Take for example take a look at how a huge stadium will watch and cheer on a celebrity DJ. What's Tiesto doing up there beyond mixing a record or two? Well, he's reading the crowd and if he's good then he is shaping the context of the evening, but his actual "live" performance contains no "actual" performance of music.

    Then on the other side of the spectrum, consider the tape performances by the electro-acoustic set. They saw so need for the live performance but rather the live presentation of hearing sound on a larger level.

    But I think most audiences in western civilization come in some way from string-based music. So your average audience's experience is to see performers performing. So in regards to performing with one's iPhone I can say that people usually find it pretty interesting. With Star6, one has such a huge range of sound that the audience is usually more surprised than anything else. ATM it's definitely a "gee-wiz" attitude, but as more sophisticated apps keep arriving on the market, and as users become more familiar with what is happening from a music/technical standpoint it will become more commonplace and also more accepted.

    As for Star6, I was personally very surprised to see just how diverse the music was at our evening in Berlin. Of course we chose different types of musicians to perform, but we had very little idea about what they would actually do. The diversity between Kiki Moorse and Ben Butler and Mousepad is pretty staggering!

  • http://www.jorgebarrientos.com Jorge from Madrid

    I agree with BJM:

    With all my respect to the performers, but, to say the least… the actual music was just lots of distortion and some leather jacket guy acting "avant garde". If I make that noise with a Korg M1 which is right now "totally uncool", would you cover my gig?. I know it's a subjective thing but for me this is falling into a hype thing. If it's made by an Iphone suddenly it's interesting, although there's no melody or recognizable rhythm.

    It's like the "leaf trombone" thing. Don't get me wrong, please. Total respect for the app developer, as I'm a coder and a geek myself, but it seems that nobody wants to point that musically most of these apps are just sound toys. And yes, you could make a masterpiece out of a toy, but it takes a lot of effort to really know your instrument and create something interesting. There are videos out there of people playing amazing instrumentals with their supermarket Yamaha PSR's who don't get this coverage.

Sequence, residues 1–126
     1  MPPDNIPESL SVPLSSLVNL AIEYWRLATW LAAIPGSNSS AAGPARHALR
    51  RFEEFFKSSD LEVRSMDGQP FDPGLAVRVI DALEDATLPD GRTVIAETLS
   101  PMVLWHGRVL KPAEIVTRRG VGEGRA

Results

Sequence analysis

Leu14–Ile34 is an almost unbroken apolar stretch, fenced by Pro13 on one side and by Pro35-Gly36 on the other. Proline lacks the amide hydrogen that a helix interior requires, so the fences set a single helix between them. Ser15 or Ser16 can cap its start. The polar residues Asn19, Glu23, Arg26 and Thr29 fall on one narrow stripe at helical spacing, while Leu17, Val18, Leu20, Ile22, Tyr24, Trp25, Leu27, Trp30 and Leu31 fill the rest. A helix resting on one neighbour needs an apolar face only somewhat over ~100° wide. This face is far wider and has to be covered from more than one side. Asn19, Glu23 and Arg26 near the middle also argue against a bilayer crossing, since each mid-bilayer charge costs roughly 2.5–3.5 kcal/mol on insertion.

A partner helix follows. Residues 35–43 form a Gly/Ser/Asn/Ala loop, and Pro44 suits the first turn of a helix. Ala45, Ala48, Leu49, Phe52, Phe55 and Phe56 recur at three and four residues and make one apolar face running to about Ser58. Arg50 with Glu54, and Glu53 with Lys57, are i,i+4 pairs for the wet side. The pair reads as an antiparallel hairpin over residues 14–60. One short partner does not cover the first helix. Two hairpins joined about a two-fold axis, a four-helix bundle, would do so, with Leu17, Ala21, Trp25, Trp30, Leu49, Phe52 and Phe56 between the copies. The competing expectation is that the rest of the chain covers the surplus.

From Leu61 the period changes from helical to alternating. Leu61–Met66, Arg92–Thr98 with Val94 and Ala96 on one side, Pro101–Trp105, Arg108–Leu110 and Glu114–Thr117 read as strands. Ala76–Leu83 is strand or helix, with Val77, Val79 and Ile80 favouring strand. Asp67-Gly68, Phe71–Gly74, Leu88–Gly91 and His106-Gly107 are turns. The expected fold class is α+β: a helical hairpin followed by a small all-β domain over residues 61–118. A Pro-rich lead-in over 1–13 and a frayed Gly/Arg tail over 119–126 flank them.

So, I'm not bashing against Iphone or chipmusic. I'm complaining againts people that seems to dedicate more time to choose a trendy t-shirt to go onstage and look supercool instead of programming their samples.

    Give me some Edison monome video intead of a guy headbanging to a squarewave.

    By the way, the banjo guy rocked. And the accordion girl was hot with the tiara.

  • http://www.MattVerzola.com Matt Verzola

    I agree with Jorge. Too much weight is given to the process and not on the result.

    As for iPhone apps, I'm in the process of trying this app now. The only other music app I have is Bebot. Both, I think, lend themselves to being put through a mixer and performed as an instrument in their own respects.

  • http://www.clark8.com Rich Seymour

    Hey,

    My friend and I won the star6 audience choice youtube contest (chiming in a bit late on this thread)… but I have done a good half dozen live performances with star6. I've been able to get people dancing to it… It's the only app I've found on the iPhone that actually acts like an instrument. A very cool, different, and extremely expressive instrument.

    I generally play guitars of some sort or another, but I love using star6 because it's easy to learn and extremely deep once you get into it. The pitch control, for example, can be used to actually do basslines… kind of like playing a tilt operated trombone or something.

    Lot's of fun, like e'ryday.